# The Polar Form of a Complex Number

The polar form of a complex number z = a + ib represents the complex number in terms of r and Î¸, where r = length of the point from the origin, and Î¸ = angle made with the x-axis in an argand plane.

Plotting the number z in a cartesian plane, we get

Here, (a, b) are the rectangular coordinates, and the x, y axes represent the real and imaginary parts, respectively.

Now, using the Pythagorean theorem and the basic trigonometric ratio, we get r2 = a2 + b2 and CosÎ¸ = ${\dfrac{a}{r}}$ and SinÎ¸ = ${\dfrac{b}{r}}$.

â‡’ a = rcosÎ¸, b = rsinÎ¸

Substituting the values of a and b in z = a + ib, we get

z = rcosÎ¸ + irsinÎ¸

Thus, the equation of any complex number z = a + ib in the polar form is

z = r(cosÎ¸ + isinÎ¸), here

• the polar coordinates are (r, Î¸),
• r = modulus or the absolute value of z = ${\sqrt{a^{2}+b^{2}}}$,
• a = rcosÎ¸,
• b = rsinÎ¸, and
• Î¸ =  the argument of z = ${\tan ^{-1}\left( \dfrac{b}{a}\right)}$ for a > 0
• Î¸ = ${\tan ^{-1}\left( \dfrac{b}{a}\right)}$ + Ï€

Or, Î¸ = ${\tan ^{-1}\left( \dfrac{b}{a}\right)}$ + 180Â° for a < 0

## Converting From Rectangular to Polar Form

Now, let us convert a complex number z = -3 + 3i in the polar form. Since the real part is -3, z lies in the second quadrant, as shown:

Here, we calculate the modulus r and the argument Î¸ of z

r = |z| = ${\sqrt{\left( -3\right) ^{2}+\left( 3\right) ^{2}}}$ = ${\sqrt{18}}$ â‰ˆ 4.24

Î¸ = ${\tan ^{-1}\left( \dfrac{3}{-3}\right)}$ = -${\tan ^{-1}\left( \dfrac{3}{3}\right)}$.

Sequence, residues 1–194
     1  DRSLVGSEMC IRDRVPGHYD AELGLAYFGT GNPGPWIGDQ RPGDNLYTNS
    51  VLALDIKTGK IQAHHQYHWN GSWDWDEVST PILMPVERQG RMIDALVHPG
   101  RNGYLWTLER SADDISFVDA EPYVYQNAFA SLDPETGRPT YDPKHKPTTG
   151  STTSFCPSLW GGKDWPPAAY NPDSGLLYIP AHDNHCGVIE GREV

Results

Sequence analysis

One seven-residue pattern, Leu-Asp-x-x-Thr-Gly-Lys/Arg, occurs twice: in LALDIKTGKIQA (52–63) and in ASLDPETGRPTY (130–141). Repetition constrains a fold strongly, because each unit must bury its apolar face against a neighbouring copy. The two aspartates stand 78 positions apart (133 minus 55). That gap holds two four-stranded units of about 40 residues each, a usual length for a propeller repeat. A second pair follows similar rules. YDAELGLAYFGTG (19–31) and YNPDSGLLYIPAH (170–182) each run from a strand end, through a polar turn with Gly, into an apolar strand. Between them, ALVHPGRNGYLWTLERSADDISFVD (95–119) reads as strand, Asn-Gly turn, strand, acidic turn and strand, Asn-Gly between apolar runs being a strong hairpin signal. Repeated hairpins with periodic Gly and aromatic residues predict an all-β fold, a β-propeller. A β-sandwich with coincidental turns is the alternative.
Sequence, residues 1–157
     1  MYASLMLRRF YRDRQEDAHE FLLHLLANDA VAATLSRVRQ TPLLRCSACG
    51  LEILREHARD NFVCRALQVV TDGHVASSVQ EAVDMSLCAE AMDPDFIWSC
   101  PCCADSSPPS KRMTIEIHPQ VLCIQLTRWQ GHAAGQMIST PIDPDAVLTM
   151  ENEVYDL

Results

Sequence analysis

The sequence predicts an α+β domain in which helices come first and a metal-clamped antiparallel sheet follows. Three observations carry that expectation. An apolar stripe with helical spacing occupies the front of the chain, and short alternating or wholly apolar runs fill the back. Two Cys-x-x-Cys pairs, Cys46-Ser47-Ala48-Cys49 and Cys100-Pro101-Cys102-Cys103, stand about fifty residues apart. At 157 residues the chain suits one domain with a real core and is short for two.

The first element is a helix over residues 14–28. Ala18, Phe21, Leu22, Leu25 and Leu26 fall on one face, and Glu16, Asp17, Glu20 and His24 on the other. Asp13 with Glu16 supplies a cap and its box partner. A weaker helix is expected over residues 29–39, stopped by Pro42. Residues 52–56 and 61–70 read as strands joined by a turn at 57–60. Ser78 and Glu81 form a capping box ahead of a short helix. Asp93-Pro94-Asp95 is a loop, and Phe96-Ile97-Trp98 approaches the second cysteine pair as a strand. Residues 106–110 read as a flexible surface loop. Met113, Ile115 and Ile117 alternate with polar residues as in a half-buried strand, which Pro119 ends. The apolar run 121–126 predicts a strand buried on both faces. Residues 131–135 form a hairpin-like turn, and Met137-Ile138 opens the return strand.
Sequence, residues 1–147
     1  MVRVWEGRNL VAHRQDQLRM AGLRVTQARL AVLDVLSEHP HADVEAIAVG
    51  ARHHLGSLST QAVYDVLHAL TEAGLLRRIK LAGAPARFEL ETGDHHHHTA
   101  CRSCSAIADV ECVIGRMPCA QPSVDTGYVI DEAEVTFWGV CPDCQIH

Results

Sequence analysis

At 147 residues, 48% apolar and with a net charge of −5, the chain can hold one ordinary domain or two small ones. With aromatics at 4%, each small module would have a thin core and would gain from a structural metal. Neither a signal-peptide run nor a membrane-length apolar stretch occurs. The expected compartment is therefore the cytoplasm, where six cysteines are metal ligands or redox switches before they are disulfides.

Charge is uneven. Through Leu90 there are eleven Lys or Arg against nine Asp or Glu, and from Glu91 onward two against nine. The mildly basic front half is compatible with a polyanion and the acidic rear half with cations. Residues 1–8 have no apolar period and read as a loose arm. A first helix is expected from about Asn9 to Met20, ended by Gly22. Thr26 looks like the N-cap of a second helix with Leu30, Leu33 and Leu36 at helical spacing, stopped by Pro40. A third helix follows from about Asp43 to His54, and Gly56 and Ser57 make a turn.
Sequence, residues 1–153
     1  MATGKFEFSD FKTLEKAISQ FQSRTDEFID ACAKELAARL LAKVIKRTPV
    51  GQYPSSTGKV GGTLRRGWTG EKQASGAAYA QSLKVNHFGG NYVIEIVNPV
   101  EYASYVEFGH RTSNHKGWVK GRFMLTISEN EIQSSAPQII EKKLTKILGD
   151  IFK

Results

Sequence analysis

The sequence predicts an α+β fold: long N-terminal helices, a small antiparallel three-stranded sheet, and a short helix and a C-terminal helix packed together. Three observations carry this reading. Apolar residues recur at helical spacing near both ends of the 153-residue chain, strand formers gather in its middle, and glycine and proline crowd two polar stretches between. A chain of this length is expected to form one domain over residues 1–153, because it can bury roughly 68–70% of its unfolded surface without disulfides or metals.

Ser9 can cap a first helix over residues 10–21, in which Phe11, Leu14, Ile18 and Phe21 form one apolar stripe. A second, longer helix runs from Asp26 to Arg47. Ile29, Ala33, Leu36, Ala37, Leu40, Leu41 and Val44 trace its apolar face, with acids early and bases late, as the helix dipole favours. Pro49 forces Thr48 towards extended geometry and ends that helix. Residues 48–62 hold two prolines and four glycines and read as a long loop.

Since z lies in the second quadrant, arg(z) = Î¸ = -${\tan ^{-1}\left( \dfrac{3}{3}\right)}$ + 180Â°

= -45Â° + 180Â° = 135Â°

Thus, the polar form of the complex number z = -3 + 3i is 4.24(cos135Â° + isin135Â°).

## Simplifying

Let 5 + 3i and 2(cos60Â° + isin60Â°) be two complex numbers, one in the standard (rectangular) form and another in the polar form.

On adding, first, we convert 2(cos60Â° + isin60Â°) in the polar form into the standard form.

z = 2(cos60Â° + isin60Â°) = a + ib, here a = 2cos60Â° = 0.5 and b = 2sin60Â° = ${\sqrt{3}}$

â‡’ 2(cos60Â° + isin60Â°) = 0.5 + ${i\sqrt{3}}$

Adding both the given complex numbers, we get (5 + 3i) + (0.5 + ${i\sqrt{3}}$) = (5 + 0.5) + (3 + ${\sqrt{3}}$)i.

By substituting the value of ${\sqrt{3}}$ â‰ˆ 1.732, the sum is 5.5 + 4.732i

Now, we convert the sum in the polar form by finding the modulus and argument of the number.

r = |z| = ${\sqrt{\left( 5.5\right) ^{2}+\left( 4.732\right) ^{2}}}$ â‰ˆ ${\sqrt{52.64}}$, and

Î¸ = ${\tan ^{-1}\left( \dfrac{4.732}{5.5}\right)}$ â‰ˆ 0.71

Thus, the required sum of 5 + 3i and 2(cos60Â° + sin60Â°) is ${\sqrt{52.64}}$(cos0.71Â° + sin0.71Â°)

### Multiplying

On multiplying z = 4(cos90Â° + isin90Â°) by w = 2(cos240Â° + isin240Â°), the product obtained is:

zw = 4(cos90Â° + isin90Â°) âœ• 2(cos240Â° + isin240Â°)

= 4 âœ• 2 [(cos90Â°cos240Â° – sin90Â°sin240Â°) + i(sin90Â°cos240Â° + cos90Â°sin240Â°)]

= 8[cos(90Â° + 240Â°) + isin(90Â° + 240Â°)]

= 8(cos330Â° + isin330Â°)

Thus, for z1 = r1(cosÎ¸1 + isinÎ¸1) and z2 = r2(cosÎ¸2 + isinÎ¸2), the product will be

z1z2 = r1r2[cos(Î¸1 + Î¸2) + isin(Î¸1 + Î¸2)]

### Dividing

On dividing z = 6(cos150Â° + isin150Â°) by w = 12(cos90Â° + isin90Â°), the quotient is:

${\dfrac{z}{w}}$

= ${\dfrac{6\left( \cos 150^{\circ }+i\sin 150^{\circ }\right) }{12\left( \cos 90^{\circ }+i\sin 90^{\circ }\right) }\times \dfrac{\left( \cos 90^{\circ }-iSin90^{\circ }\right) }{\left( \cos 90^{\circ }-i\sin 90^{\circ }\right) }}$